Farmers, water district officials and city leaders expressed frustration Thursday over the decision by federal managers to tap water from Friant Dam to meet a long-standing obligation with west-side landowners.
Mario Santoyo, who represents the Latino Water Coalition, said the federal Bureau of Reclamation acted prematurely by using water from Millerton Lake. He said water from other sources, including reservoirs at Shasta and San Luis, should have been used instead of Friant Dam.
Santoyo was joined at a morning news conference at Fresno City Hall by Mayor Ashley Swearengin and other political leaders and farmers.
Like Santoyo, Swearengin said she was disappointed in the bureau's decision, and noted that the city has agreed to move 710 acre-feet of its San Joaquin River water to the Orange Cove Irrigation District to help keep crops alive and people on the job.
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Swearengin added that she was interested in working with federal water managers to find a solution to the water shortages affecting the Valley.
"We want a face to face meeting in the central San Joaquin Valley with high ranking bureau officials, the city and key stakeholders," she said. "We want transparency and a rational and reasonable conversation about solving this problem."
The state's ongoing drought triggered the Bureau of Reclamation to announce Tuesday that for the first time ever it would use water from Millerton Lake to supply west-side landowners -- including farmers -- that are served by the San Joaquin River Exchange Contractors Water Authority. The authority provides water to 240,000 acres of farmland east of Interstate 5 and west of the San Joaquin River, from Patterson to Mendota.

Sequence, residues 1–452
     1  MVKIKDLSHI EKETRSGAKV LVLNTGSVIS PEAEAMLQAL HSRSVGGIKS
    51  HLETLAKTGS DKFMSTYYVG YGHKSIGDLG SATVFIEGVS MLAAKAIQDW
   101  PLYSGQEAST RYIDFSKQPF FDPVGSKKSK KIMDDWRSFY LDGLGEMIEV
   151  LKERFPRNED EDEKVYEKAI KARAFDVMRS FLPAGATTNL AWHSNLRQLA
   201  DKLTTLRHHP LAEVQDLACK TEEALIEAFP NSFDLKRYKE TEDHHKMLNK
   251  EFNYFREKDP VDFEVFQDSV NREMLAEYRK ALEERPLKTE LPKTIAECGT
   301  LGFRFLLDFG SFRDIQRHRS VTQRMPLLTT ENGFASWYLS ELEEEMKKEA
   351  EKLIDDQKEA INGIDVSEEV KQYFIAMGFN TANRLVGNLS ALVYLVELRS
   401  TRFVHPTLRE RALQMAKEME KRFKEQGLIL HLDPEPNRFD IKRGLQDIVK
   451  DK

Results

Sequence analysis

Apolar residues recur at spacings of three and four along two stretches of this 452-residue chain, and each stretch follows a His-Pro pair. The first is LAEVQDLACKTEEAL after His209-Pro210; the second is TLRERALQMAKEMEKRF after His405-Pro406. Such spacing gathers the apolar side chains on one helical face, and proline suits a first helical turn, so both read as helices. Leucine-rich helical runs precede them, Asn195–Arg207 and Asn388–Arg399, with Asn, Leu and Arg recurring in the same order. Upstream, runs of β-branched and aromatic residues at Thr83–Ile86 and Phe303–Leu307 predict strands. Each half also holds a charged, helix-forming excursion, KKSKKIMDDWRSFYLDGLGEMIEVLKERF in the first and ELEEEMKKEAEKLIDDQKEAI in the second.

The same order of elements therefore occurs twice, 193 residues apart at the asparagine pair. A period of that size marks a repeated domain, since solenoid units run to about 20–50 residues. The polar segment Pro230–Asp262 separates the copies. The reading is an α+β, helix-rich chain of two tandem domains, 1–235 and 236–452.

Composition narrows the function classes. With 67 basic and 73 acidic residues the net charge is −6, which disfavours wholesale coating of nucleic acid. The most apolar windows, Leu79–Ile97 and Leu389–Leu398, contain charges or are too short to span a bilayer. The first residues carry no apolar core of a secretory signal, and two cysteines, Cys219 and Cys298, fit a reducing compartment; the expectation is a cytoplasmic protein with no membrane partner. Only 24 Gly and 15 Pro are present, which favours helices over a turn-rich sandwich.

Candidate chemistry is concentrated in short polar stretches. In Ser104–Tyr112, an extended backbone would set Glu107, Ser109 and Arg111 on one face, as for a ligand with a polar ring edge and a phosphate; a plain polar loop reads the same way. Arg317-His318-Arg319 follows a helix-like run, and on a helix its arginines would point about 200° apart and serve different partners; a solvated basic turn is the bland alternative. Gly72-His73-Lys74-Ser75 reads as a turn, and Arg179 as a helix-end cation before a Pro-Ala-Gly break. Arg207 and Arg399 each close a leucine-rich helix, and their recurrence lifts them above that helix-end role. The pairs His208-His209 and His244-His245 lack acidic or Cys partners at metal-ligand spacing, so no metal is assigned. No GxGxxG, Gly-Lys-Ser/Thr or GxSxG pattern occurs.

In the late 1930s, the federal Central Valley Project contractors agreed to exchange their senior water rights from the San Joaquin and Kings rivers for water from the Sacramento-San Joaquin River Delta.
But the agreement also says that if the federal government can't fulfill its contract for water from the delta, the contract will be supplemented with San Joaquin River water, bureau officials said.
The bureau said Tuesday that there isn't enough water from the Sacramento-San Joaquin River delta alone to meet its obligations to the exchange contractors.
On Thursday, water flows from Friant Dam were increased to begin meeting the obligation for providing part of the 529,000 acre-feet of water for the exchange contractors.
Also on Thursday, the Fresno City Council approved transferring 710 acre-feet of its San Joaquin River water to the Orange Cove Irrigation District, which serves about 28,000 acres in Fresno and Tulare counties. The Orange Cove district may get no water this year from the Friant-Kern canal, a part of the Central Valley Project.
"This is a humanitarian effort," Council Member Lee Brand said.
The Bureau of Reclamation's decision has angered water users in the central San Joaquin Valley who have received no surface water because of the drought and environmental obligations. Thousands of acres have been fallowed.
But at least one farmer who stands to benefit from the announcement said he did not feel good about it.
"This is not the option that we wanted," said Cannon Michael, president of Bowles Farming Company in Los Banos. "This is a terrible position to be in."